Dear Cousin,


The most spectacular snowfall of the season spread a fairy tale scene over our hills, and then turned vicious.

In the beginning, it was a masterpiece of loveliness, a breathtaking vista unequalled this winter. Each twig and weed was covered with a filigree of lace so delicate and pristine that it seemed unreal. The evergreens were clothed in gowns of silvery white, while the leafless tree limbs were draped in garments of gossamer. The hills were beautiful from every angle.

The beauty began to fade, however, when the snowstorm bared its teeth and turned ugly. In some places, snow piled higher and higher, and other areas suffered an ice storm that held them in a frigid deadlock. Electric power was disrupted as the heavy ice brought down tree after tree, tearing down power lines and leaving a trail of darkness.

Thousands of families were left without power, water and telephone service. Traffic crawled, and in some places came to a standstill. Families were isolated without power, heat and telephone service. The storm was not only frightening, but also deadly.

To compound the disastrous situation, major flooding then became a factor as added rains and melting snow ran into our streams and rivers. The snowfall that began with such loveliness had turned into a raging beast. We were spared the heart-breaking situations that many others face. All we got was lots of rain, which raised the creek until it flowed out of its bank in one place. We had no snow or ice, and the power stayed on as well as the telephone service.

Flooding has never been a concern in this area, but I remember one flash flood that our daughter Patty was caught in, and the memory terrifies me to this day. It was several years ago, when her three children were small. On a warm early summer day, they made a trip up Big Laurel Creek, to picnic and swim. She took her sister-in-law Phyl and her three little ones, and Kevin’s two children, Abigail and Josh. Patty also had her pet raccoon, Bandit. It was a pick-up truckload.

They ate and swam, and then it began raining. They ran back to the truck, to find that there was a flat tire. It was raining hard by then, and the creek was beginning to rise and turn muddy. There were seven creek crossings before they got to the mouth of Big Laurel, where it empties into Elk River.

Pat and Phyl hurried along, carrying the little ones and dragging the others. Bandit had a tight hold on Patty. Suddenly a wall of water came down the creek, raising the level waist high on the girls. Patty had to carry the children through the muddy water from bank to bank, while Phyl guarded the rest. She would take one of the older ones across first, so they could watch the others as she ferried them over. They were all terrified and crying, while Bandit climbed higher and higher until he was perched on Pat’s head.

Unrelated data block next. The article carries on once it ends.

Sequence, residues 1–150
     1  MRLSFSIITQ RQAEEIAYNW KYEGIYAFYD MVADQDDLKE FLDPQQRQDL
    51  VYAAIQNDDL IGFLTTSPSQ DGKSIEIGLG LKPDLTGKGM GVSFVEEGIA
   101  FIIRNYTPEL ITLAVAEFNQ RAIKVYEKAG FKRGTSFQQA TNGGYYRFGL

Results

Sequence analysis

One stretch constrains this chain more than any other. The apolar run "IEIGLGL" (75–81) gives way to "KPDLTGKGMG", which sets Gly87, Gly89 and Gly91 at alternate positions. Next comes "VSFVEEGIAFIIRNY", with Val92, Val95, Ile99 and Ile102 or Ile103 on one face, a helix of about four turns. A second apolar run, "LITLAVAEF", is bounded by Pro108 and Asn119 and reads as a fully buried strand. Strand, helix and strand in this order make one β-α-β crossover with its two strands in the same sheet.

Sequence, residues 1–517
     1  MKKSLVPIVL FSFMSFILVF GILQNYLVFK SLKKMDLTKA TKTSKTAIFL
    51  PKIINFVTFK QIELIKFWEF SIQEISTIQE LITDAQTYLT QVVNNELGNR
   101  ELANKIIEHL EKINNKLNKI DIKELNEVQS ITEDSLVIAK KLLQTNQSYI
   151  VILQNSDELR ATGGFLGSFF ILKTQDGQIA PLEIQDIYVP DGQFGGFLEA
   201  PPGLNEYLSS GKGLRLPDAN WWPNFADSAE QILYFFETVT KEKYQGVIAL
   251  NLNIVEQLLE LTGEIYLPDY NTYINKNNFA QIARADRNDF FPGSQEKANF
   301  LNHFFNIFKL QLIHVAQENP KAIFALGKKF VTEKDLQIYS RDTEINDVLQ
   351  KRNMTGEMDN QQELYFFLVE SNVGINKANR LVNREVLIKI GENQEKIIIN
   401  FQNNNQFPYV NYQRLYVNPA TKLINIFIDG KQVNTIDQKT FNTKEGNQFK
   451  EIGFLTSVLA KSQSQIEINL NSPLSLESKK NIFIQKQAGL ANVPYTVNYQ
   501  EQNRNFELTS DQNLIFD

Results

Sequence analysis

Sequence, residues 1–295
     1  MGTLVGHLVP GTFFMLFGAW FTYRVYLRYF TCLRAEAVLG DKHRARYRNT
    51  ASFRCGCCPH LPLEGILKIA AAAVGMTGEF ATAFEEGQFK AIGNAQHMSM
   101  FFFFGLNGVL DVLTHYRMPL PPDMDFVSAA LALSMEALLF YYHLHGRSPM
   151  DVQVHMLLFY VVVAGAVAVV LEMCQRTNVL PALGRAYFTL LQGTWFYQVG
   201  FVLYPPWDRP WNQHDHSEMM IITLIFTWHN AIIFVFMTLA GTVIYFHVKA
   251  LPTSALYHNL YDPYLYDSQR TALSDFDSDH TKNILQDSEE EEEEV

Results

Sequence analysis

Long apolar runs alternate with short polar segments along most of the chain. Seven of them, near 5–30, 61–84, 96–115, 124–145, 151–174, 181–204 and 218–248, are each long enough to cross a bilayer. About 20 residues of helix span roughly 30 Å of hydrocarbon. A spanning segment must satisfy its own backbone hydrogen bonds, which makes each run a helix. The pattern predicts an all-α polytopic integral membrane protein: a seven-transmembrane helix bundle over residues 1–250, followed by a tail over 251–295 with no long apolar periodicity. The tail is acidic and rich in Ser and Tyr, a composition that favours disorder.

The last crossing was a bridge, which was covered over with muddy water until the handrail could barely be seen. The water then was far above her waist, and she somehow managed to get every child across to safety, including Bandit. Then she sat down and cried.

They started walking down the river road, two wet and bedraggled mothers, eight bedraggled children, and one bedraggled raccoon. An angel in disguise came along (his name was Eddie Mullins) and he insisted on turning his car over to the sorry bunch to drive on home. He later took Pat’s husband Randy back up Laurel to rescue the truck.

As Patty was recalling that horrifying time, she shivered. She related, “If I had stumbled and fallen with one of those kids, we never would have rescued them in that muddy water. It was a miracle that we all got out of there alive.”

I remember how Daddy used to pray and thank God that He had protected us through danger “seen and unseen.” That was a danger that crept upon them without warning, yet God’s protecting hand surely was upon them.

Many people here in this state are battling the ravages of flooding, and the destruction that follows. They surely need our prayers and support in any way that we can. We who have been spared such devastation and heartache need to be extra thankful that the Lord has watched over us.

This has been a rough winter, and the forecast is calling for more rain this weekend. Storm clouds loom over us and war clouds are threatening. We need God’s help and protection now more than ever. It is high time for the people of America to turn back to the Lord, and pray earnestly for His help.



Cousin Alyce Faye

The Waynedale News Staff
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